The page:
A Japanese e-car has set a new world record for the longest distance travelled on a single charge, travelling the 345 miles from Tokyo to Osaka without pulling over to re-charge. japan_ecar_record_01 Tateuchi drove his modified Mira from Tokyo to Osaka The distance trumps the 313 miles managed by a Tesla Roadster through a …
13 hours, really?
Of course, you can travel from Tokyo to Osaka in just 3 hours by (electric) train.
Yes, but whats the average speed??
assuming the 26 minutes were the comfort stops, 345 miles over 13 hours gives just over 26mph... is that the same as the tesla??
If not, how can you compare?
At an average speed of 25mph, this seems a bit pointless.
My test would have a 5 minute charge time, about the time it takes to fill a normal car and then
how far will if go when you are doing proper motorway speeds with aircon?
An average of about 23mph? Do the same test at 65-70mph and then I'll be impressed.
Which would you rather drive?
Tesla out of those two.
So he's set out to prove the opposite of what he intended. He's proved that leccy tech is not practical for long journeys.
Even on a standard tank full of juice a Mira could manage further than that, carrying a full load.
360kg of petrol would be about 480 litres, which is over 100 gallons. My old petrol Mira had no problems topping 50mpg. So with the same weight of petrol abord a standard Mira could do over 5000 miles.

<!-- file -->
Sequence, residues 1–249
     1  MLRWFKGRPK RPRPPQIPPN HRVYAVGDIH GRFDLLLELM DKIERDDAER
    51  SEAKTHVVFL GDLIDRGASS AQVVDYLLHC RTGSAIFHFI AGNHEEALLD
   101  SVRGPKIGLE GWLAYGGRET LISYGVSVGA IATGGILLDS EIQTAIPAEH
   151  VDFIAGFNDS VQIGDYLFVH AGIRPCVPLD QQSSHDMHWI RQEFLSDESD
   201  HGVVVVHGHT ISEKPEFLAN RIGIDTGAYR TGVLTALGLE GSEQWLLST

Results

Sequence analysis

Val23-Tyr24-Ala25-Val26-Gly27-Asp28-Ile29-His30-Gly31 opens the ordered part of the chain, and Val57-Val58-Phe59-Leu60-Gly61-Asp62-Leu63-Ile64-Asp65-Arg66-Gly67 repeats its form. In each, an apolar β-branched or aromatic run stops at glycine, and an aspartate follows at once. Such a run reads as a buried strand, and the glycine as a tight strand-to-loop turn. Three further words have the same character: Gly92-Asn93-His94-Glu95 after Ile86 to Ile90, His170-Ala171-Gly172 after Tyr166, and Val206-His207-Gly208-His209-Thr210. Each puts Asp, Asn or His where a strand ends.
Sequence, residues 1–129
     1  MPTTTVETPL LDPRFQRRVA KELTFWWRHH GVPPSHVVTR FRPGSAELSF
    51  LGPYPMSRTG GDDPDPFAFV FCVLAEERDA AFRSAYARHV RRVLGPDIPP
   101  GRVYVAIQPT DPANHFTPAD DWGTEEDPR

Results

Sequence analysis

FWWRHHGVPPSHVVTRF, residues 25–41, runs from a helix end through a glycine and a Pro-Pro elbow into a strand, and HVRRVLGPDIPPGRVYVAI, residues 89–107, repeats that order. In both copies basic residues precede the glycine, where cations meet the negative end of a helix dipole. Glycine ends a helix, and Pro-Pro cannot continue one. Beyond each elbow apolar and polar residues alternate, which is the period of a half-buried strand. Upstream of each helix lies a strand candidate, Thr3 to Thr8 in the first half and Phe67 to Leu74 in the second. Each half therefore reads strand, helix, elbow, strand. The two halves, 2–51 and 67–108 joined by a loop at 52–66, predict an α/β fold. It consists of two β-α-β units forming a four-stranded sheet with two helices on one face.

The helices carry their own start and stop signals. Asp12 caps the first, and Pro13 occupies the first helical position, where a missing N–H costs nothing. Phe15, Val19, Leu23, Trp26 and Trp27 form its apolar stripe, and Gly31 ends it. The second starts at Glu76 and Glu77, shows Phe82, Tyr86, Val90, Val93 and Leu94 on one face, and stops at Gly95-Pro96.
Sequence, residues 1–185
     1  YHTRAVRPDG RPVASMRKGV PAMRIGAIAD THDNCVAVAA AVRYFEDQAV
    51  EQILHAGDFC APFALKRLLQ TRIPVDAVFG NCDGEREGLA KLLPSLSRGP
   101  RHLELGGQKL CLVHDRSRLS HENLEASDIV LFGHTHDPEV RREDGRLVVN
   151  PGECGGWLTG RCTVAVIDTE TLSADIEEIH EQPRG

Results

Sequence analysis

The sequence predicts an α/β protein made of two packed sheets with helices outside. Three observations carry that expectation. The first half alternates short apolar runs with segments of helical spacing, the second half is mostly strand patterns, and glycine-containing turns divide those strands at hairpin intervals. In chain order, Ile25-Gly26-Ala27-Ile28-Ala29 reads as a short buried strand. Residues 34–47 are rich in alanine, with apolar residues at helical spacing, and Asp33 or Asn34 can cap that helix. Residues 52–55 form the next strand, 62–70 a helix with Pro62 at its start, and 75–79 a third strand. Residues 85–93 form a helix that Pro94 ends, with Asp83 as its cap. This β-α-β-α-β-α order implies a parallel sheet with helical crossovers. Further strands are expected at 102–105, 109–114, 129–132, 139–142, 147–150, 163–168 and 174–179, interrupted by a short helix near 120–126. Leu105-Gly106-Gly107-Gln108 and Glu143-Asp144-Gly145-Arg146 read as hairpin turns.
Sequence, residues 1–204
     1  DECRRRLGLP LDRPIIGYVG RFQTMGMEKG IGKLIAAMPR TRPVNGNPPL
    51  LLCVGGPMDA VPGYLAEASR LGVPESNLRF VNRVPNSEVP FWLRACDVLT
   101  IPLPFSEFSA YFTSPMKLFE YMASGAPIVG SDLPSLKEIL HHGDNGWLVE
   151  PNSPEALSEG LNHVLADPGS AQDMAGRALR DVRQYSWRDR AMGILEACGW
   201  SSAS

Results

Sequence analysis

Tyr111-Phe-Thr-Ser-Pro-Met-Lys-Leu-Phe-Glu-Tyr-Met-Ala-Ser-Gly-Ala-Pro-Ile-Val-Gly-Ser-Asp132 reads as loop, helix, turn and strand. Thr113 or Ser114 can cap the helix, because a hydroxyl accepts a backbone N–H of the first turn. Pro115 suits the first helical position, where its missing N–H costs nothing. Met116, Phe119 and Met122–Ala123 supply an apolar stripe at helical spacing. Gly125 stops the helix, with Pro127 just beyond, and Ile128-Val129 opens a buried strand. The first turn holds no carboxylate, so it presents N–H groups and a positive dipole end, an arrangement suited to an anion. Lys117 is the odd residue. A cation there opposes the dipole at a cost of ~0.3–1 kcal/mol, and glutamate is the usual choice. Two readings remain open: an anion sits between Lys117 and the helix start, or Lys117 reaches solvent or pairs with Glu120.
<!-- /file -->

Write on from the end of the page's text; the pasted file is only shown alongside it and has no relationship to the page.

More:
Of course if we're being entirely fair 360kg of batteries would take up less space than the equivalent amount of petrol, but it matters not because with 360kg on board the car would have been able to carry little else other than it's driver. And how long exactly would it take to charge those batteries anyway?
I think it's fair to assume that you could break that record with a bigger vehicle carrying more batteries.
So he set out to prove that an electric vehicle will go a long way, but what he really proved is that electric vehicles have a long way to go. Ho hum.
It'll only work if
I think the only way electric cars would really take off is if they can devise a safe way to pick up power directly from the road. Maybe like a scalectrix or an overhead system like the old trolley buses.
Each car has a meter fitted and you pay for what you use.
Saves mucking about with expensive batteries that need hours to charge.
You can't buy it
so it may as well be experimental.
But it's utter crap, so it's clearly not experimental.
Tesla kicks this thing's ass- it'd be going slow if it took half the time (it'd have been able to get from A to B before the lights needed to come on!). It's got almost the same range, it looks better, it's almost certainly more comfortable and better designed. And over 8000 Lithium batteries is still going to be incredibly expensive.
http://www.futurevehicletechnologies.com/ had the right idea with their eVaro- 275mpg equivalent, petrol-electric hybrid. Even on longer, more petrol-intensive journeys it'd still cost under a tenner to drive those 345 miles. And it looks better, tops 130 and does 0-60 in under 5 seconds. 175 mile range on pure-electric, then 1 hour recharge using its onboard petrol engine, or 3 hours on mains. Almost limitless range on petrol-electric mode.
That's the beauty of this record- it can't be broken by hooking up another 60 Li-Ion batteries to the same vehicle as there isn't time left in the Universe to have another crack at it.